I read this because I have read all of the other books in this series.
While this wasn't the best in the series, I thought it was a solid effort. I like when the stories involve the villagers from Three Pines, and this story not only takes place there, but it has to do with the career of Clara Morrow, one of the "main" villagers. I liked that art played a central role, and also that there was some romantic intrigue -- one romance appears to be budding, while another fails.
The narrator is fantastic.
I was delighted to discover Louise Penny after she had already published several books in this series. I could listen to one right after the other without waiting for the release each year. If you like well-developed mystery characters and a delightful mis-en-scene, these will not disappoint. Have read or heard them all. My only wish is that she had some historical fiction in the same settings. That would be bonus fun.
Cut throat art world leads to broken necks.
Penny seems to know the ins and outs of the Montreal art scene. Her depiction of the dealers and brokers and their intrigues, gives the novel depth.
Gamache and Bouvoir continue to amaze as their relationship evolves.
On going reconsideration of Clara's relationship with her childhood friend is the kind of dynamic that Louise Penny handles so well. These are not one-dimensional characters. There is often no "one moment" but rather a building of small ones.
Ralph Cosham's voice and inflections make the novels, each and all, wonderful to the ear.
Penny takes her Three Pines characters and adds more layers of depth. I truly enjoyed not only the plot of the murder mystery, but the changes she puts in the lives of the villagers. If you haven't listened to any in this series, do so now. The narrator is one of the best you will hear.
I enjoyed trying to figure out who done it and why before reaching the end of the book. I was wrong... but it was a possibility.
This mystery was essentially impossible to solve, both for the detectives and the reader, because crucial information was not found or revealed until the end. But the murder seems almost incidental to the complex character development of Inspector Gamache, his chief deputy Beauvoir, the newly discovered artist Clara Morrow and her artist husband Peter. Much remains unresolved, and the stage is set for the next in the series. At least, I hope there will be another!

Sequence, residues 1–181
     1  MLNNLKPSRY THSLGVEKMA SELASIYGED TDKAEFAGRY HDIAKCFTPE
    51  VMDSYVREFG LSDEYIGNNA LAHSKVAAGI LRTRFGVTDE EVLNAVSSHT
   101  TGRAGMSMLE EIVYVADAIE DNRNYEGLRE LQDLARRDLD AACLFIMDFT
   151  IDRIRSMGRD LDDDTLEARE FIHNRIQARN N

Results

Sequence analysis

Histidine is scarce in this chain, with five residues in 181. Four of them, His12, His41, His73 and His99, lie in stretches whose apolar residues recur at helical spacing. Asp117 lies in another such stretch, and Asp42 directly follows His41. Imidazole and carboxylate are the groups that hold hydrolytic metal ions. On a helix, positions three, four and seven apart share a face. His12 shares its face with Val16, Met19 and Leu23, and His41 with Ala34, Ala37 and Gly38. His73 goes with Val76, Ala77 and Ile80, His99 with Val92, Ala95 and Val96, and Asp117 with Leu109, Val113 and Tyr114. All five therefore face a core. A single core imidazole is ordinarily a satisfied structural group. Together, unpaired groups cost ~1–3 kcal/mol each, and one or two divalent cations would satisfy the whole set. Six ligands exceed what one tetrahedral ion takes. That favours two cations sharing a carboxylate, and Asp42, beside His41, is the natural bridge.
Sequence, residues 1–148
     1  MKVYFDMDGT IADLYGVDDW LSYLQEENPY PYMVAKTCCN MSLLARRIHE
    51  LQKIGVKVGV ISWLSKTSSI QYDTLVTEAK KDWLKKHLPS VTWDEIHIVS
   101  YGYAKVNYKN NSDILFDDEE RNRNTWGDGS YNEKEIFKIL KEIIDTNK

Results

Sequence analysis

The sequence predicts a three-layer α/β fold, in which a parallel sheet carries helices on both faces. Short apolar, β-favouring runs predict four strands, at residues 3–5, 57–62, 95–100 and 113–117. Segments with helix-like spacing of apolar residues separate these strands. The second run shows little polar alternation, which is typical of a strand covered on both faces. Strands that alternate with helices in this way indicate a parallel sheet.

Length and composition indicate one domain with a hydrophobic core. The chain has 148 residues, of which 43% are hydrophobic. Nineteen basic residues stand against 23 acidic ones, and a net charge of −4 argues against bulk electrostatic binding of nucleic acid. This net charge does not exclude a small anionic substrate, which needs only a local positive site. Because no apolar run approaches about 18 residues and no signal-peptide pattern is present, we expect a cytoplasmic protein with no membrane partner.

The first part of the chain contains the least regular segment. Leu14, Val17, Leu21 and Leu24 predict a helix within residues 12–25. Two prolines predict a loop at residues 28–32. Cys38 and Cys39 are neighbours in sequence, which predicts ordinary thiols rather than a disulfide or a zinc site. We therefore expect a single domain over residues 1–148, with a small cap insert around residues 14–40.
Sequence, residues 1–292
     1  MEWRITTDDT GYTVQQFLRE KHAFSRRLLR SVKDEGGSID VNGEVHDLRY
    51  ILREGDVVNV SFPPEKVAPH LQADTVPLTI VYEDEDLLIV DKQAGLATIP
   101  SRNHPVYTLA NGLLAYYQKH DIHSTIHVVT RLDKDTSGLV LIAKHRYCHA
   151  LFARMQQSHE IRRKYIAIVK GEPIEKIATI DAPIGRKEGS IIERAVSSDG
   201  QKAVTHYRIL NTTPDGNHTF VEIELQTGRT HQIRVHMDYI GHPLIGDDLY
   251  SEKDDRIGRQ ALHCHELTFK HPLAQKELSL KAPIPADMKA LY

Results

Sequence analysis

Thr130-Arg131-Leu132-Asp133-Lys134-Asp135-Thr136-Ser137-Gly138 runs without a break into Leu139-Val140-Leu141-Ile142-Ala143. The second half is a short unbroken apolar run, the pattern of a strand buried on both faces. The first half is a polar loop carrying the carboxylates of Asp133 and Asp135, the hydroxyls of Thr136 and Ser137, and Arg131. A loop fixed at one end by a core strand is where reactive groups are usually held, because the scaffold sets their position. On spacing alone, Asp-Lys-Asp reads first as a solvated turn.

I love this series and adore the narrator. All of the Inspector Gamache novels have a touch of the fabulous (in all three senses of the word: extraordinary, amazingly good, and mythical) but this particular novel strained credulity in a different--and not so wonderful--way.
It was Gamache's nearly total ignorance of the way Alcoholics Anonymous works that bothered me the most. I find it hard to believe that a career policeman would not have had multiple contacts with AA. I rather felt like the author had just discovered AA and wanted to make sure we readers learned all about it. It made me impatient.
I believe I would have preferred an approach such as this: "Gamache was well aware of the challenges facing AA members, having tried and failed many years ago to persuade a friend and colleague to attend one of the many meetings held weekly in Quebec. His failure pained him deeply, as his friend's impaired judgment had fatal consequences one frigid night after the two policemen had left a local bistro where much too much whiskey had been consumed."
Then we could have got on with the story, knowing that Gamache and the readers were on the same page. Occasional references to AA policies and procedures could then be sprinkled in without the pedantic and somewhat tedious recitations that slowed the story considerably.
But! I love this series and adore the narrator! I can hardly wait for the next book!
Louise Penny's Inspecteur Gamache stories are wonderful in their civility, humor, and consistency. The stories are always riveting and the characters have become good friends. She writes well and with a heart. The strength of her books are more in the conflicts between people than in graphic and violent scenes so often found in other mystery series. Just like kids who would give anything to go to Hogwart, I would give anything to live in Three Pines. A Trick of the LIght is as good as her previous novels and, as always, it will be difficult to put the earbuds down.
Another wonderful book Ms. Penny. I can't wait for the next installment of the Gamache series.
Worth the wait
I found this author late , but I am delighted with her books !